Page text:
Here's an example of a function we can use to query our model via REST.

import numpy as np
import cPickle as pickle
import requests

def test_flask_client(x):
    URL = "http://localhost:5000/model_prediction"

    s = pickle.dumps({"x":x}, protocol=0)

    DATA = {"model_name": "default",
            "input": requests.utils.quote(s)}

    r = requests.get(URL, data=DATA)
    return r.json()

Let's make sure our train data still makes sense:

%matplotlib inline
import matplotlib.pyplot as plt
from tensorflow.examples.tutorials.mnist import input_data

mnist = input_data.read_data_sets('MNIST_data', one_hot=True)
number = mnist.train.next_batch(1)[0]

plt.imshow(number.reshape(28,28))
Extracting MNIST_data/train-images-idx3-ubyte.gz
Extracting MNIST_data/train-labels-idx1-ubyte.gz
Extracting MNIST_data/t10k-images-idx3-ubyte.gz
Extracting MNIST_data/t10k-labels-idx1-ubyte.gz





<matplotlib.image.AxesImage at 0x7fa28d001050>

png

Running prediction

And finally - let's run a prediction on TensorFlow Serving!

test_flask_client(number)
{u'outputs': {u'pred': {u'dtype': u'DT_INT64',
   u'int64Val': [u'7'],
   u'tensorShape': {u'dim': [{u'size': u'1'}]}}}}

It's easy to extract the actual prediction value from here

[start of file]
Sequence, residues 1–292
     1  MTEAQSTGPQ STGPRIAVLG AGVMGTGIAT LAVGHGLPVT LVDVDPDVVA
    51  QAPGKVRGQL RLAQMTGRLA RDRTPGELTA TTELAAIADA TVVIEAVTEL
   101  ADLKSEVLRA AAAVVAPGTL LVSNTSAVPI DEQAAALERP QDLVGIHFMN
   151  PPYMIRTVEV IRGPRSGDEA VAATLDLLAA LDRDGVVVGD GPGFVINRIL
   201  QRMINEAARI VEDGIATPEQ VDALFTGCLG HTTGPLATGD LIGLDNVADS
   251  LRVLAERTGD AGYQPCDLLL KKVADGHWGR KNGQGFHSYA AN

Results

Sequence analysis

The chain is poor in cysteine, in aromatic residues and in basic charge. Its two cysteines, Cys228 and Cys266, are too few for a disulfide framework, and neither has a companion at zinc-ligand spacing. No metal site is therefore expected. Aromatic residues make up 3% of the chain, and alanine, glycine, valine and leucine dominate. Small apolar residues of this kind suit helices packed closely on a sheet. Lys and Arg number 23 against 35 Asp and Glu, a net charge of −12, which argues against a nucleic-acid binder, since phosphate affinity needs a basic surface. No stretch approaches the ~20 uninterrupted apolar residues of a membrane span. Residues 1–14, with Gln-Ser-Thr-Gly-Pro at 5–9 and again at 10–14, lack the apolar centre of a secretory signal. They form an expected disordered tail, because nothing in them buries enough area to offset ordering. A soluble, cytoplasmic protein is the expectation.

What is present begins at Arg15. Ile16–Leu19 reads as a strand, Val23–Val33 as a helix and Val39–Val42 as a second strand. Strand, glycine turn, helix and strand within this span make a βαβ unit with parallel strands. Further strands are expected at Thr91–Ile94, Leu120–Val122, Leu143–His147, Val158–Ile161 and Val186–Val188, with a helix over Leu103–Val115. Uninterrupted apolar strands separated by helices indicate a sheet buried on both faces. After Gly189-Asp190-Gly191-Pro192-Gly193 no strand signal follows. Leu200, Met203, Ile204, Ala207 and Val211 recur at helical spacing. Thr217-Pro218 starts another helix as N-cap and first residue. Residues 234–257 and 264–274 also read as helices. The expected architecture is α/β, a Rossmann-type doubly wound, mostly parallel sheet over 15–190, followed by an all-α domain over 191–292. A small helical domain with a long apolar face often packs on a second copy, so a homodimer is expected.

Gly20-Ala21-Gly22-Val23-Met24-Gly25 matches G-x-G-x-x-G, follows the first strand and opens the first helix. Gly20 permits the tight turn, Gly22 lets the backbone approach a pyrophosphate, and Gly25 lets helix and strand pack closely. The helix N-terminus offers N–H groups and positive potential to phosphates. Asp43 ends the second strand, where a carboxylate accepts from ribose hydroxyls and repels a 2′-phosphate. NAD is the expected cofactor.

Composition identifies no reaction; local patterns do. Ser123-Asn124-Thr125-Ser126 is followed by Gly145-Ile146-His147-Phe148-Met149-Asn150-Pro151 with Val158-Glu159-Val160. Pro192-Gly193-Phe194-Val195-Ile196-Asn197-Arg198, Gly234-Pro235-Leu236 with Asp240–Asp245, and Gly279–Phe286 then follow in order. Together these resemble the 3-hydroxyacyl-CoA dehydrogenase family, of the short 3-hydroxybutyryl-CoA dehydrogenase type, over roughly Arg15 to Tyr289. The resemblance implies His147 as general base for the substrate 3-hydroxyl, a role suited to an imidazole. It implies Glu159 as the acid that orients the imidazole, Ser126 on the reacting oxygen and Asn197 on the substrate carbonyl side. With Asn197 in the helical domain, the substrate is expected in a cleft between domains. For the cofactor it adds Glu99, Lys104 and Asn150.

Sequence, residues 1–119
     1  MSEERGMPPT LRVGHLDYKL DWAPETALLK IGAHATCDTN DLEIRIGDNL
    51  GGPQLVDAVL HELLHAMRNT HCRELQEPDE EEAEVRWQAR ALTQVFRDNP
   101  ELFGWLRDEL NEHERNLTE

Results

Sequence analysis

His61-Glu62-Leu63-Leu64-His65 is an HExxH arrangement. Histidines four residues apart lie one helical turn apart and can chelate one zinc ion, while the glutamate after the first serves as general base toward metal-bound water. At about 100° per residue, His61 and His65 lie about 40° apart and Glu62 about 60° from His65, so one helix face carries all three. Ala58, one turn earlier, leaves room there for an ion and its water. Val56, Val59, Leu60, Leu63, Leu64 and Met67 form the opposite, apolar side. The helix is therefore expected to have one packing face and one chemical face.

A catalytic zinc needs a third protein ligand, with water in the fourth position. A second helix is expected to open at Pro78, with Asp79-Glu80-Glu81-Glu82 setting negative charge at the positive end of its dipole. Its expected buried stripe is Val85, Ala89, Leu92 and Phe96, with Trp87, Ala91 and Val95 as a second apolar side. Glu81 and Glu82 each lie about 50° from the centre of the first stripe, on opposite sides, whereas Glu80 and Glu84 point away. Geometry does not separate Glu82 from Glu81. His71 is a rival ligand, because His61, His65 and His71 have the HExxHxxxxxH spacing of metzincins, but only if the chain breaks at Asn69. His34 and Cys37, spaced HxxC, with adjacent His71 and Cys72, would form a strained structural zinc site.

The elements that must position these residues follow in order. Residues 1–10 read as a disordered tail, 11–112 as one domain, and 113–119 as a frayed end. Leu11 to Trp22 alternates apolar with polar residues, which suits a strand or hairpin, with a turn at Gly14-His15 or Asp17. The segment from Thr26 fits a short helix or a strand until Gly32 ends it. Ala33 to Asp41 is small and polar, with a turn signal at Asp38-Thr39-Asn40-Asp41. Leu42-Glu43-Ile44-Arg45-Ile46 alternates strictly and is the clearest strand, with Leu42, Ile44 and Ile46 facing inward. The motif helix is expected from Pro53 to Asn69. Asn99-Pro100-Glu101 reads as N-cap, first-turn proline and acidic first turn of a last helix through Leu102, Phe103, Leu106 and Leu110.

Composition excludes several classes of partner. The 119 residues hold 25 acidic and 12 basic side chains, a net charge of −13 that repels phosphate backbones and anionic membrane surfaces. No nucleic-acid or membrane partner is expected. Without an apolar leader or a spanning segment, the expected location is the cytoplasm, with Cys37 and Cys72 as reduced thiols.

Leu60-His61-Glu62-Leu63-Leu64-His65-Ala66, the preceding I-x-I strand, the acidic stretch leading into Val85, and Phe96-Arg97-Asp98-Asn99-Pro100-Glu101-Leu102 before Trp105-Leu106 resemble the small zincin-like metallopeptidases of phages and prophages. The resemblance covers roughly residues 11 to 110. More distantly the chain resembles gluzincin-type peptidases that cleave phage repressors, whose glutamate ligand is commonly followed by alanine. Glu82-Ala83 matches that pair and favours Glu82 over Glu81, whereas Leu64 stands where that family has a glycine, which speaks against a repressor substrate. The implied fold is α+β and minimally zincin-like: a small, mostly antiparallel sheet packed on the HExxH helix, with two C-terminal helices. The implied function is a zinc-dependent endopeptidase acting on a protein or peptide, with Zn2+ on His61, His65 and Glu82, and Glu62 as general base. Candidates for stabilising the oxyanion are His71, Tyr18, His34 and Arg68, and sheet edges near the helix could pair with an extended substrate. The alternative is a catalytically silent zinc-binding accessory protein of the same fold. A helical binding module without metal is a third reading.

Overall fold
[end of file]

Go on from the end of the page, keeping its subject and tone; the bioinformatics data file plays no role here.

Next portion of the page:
int(test_flask_client(number)["outputs"]["pred"]["int64Val"][0])
7

Done!

And that's it! Now you got Docker Container which is running you TensorFlow model with Tensorflow Serving. This model can be queried via REST (as we just did), or via gRPC (port 9000).

It is easy to export this as Docker Image so that it can be run elsewhere. In your host console do the following:

docker ps

It will show the ID of your running container. Use it in the following command (replace XXXXXX with CONTAINER ID)

docker commit XXXXXX my_name/my_model:version1

docker save my_name/my_model:version1 > my_name.my_model.version1.tar

Now your Docker image (with the model inside) is saved into a tar file, which you can easily move around. (I'm not suggesting that this is best practice, but it works). Once you got it to the server, do the following to run it:

docker load --input my_name.my_model.version1.tar

docker run --rm -it -p 8888:8888 -p 9000:9000 -p 5000:5000 my_name/my_model:version1

And now you got your model running on a new server! Hope this works for you!

@si-m
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si-m commented Oct 30, 2017

Thanks mate! Great explanation!

@kuzmenkoY
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kuzmenkoY commented Jan 24, 2018

Many thanks! This is actually the first time I managed to run tf serving. I would be even more grateful if you'd explain what's the difference between the way you saved and loaded trained model and the way they do it in tutorial https://github.com/tensorflow/serving/blob/master/tensorflow_serving/example/mnist_saved_model.py